Walt Whitman was ambivalent about alcohol. Many Whitman biographers believe his father was alcoholic, and a friend recorded that Whitman attributed his little brother’s developmental deficits to alcohol use, probably an accident or physical abuse, since Eddy’s troubles began at age two or three.
Temperance as a movement, however, left Walt Whitman cold. He called his 1842 (pre-Leaves of Grass) “temperance” novel, Franklin Evans, or the Inebriate “damned rot—rot of the worst sort,” and claimed to have fortified himself with liquor while writing it. Safe to say, Whitman knew the dangers of abuse and wasn’t much interested in getting intoxicated. He did enjoy drinking occasionally and moderately.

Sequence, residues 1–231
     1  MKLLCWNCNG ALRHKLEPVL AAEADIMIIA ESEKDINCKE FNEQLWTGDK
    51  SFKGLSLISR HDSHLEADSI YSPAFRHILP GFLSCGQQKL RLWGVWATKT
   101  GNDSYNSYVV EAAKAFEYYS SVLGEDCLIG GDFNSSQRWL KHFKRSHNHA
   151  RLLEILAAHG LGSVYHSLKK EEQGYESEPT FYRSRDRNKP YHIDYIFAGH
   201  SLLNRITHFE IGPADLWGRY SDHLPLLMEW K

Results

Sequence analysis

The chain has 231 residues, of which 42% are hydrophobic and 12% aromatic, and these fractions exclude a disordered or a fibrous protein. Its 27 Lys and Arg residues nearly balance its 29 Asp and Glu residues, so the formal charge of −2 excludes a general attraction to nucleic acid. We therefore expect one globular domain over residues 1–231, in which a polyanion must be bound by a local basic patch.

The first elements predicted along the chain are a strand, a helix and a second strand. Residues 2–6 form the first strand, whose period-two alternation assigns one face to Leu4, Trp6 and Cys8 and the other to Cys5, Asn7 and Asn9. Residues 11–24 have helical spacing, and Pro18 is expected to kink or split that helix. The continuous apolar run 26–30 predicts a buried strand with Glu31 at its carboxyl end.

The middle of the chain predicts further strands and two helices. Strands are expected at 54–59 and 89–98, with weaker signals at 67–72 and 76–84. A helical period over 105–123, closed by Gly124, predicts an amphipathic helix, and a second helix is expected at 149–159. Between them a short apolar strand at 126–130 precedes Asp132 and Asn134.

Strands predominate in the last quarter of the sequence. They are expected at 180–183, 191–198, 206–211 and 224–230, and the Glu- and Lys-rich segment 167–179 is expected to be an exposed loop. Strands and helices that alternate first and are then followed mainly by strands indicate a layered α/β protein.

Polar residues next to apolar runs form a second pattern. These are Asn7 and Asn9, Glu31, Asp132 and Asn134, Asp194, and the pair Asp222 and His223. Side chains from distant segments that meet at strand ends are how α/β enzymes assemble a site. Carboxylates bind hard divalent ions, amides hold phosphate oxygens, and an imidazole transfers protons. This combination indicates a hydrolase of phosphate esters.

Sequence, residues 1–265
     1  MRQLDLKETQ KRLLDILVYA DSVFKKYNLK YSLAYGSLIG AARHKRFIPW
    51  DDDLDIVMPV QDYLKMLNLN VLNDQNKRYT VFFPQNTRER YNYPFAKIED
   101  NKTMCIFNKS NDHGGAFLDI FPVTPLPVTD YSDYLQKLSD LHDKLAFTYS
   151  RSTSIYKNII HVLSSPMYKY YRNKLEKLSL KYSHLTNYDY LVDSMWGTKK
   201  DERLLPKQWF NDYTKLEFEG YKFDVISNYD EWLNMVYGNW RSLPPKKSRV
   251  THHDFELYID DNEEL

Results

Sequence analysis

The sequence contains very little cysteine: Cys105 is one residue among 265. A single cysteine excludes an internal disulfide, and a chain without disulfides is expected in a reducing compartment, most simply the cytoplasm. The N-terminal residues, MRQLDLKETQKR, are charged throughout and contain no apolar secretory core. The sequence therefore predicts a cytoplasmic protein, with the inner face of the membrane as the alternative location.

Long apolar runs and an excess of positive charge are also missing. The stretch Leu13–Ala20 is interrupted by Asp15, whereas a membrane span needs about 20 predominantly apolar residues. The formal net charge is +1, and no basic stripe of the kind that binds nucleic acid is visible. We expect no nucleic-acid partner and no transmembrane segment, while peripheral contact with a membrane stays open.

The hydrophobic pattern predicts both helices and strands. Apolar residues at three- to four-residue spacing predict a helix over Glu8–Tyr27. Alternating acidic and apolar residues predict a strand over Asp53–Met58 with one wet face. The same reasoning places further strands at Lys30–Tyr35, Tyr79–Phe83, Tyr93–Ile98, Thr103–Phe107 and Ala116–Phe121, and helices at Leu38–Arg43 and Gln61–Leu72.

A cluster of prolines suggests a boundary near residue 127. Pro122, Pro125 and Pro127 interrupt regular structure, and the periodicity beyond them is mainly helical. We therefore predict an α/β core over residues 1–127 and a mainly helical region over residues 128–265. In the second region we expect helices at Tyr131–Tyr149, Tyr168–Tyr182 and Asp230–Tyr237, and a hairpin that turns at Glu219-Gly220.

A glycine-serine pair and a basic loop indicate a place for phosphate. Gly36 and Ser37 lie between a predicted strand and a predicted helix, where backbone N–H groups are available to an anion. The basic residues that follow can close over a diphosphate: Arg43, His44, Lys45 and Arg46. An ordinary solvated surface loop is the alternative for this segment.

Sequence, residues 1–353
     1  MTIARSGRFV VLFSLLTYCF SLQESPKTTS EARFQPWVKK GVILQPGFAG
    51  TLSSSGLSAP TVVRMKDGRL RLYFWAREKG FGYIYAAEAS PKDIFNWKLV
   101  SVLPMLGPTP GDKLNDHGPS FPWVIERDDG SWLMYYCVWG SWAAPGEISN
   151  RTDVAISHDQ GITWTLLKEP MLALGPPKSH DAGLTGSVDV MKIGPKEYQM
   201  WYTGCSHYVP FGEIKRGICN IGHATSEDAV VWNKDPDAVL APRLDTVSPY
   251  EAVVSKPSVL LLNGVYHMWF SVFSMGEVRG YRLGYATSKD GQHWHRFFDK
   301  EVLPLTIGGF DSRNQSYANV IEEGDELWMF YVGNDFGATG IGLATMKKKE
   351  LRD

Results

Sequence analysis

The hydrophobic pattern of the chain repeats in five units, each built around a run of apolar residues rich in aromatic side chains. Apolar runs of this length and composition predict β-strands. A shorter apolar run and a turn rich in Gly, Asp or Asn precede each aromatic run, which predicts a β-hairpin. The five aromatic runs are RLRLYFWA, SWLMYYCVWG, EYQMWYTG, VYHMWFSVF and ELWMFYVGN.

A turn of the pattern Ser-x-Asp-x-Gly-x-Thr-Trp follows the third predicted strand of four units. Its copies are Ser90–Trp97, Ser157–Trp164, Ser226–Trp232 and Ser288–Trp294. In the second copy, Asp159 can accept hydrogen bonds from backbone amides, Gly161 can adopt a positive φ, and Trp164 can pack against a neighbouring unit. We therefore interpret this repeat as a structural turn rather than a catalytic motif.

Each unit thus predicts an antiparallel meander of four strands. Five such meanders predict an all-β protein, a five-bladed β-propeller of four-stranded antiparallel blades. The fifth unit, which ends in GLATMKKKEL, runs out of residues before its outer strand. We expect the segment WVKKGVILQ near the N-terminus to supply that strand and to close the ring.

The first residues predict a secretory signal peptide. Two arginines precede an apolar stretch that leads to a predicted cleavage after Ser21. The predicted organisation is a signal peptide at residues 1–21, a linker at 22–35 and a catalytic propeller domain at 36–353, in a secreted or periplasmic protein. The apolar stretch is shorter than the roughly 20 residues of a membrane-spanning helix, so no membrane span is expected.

Very late in his life, when suffering physical malaise, he was especially fond of champagne which “set him up.” After a tribute dinner in his very late life, Whitman extolled the bubbly to a friend: “I can’t forget about the champagne, Horace, the iced champagne: how straight it went to the heart of the matter—to my need—setting up the whole night! To know what I know about the condition in which I went downstairs—then to know how the champagne lifted me! It is the explication of much!”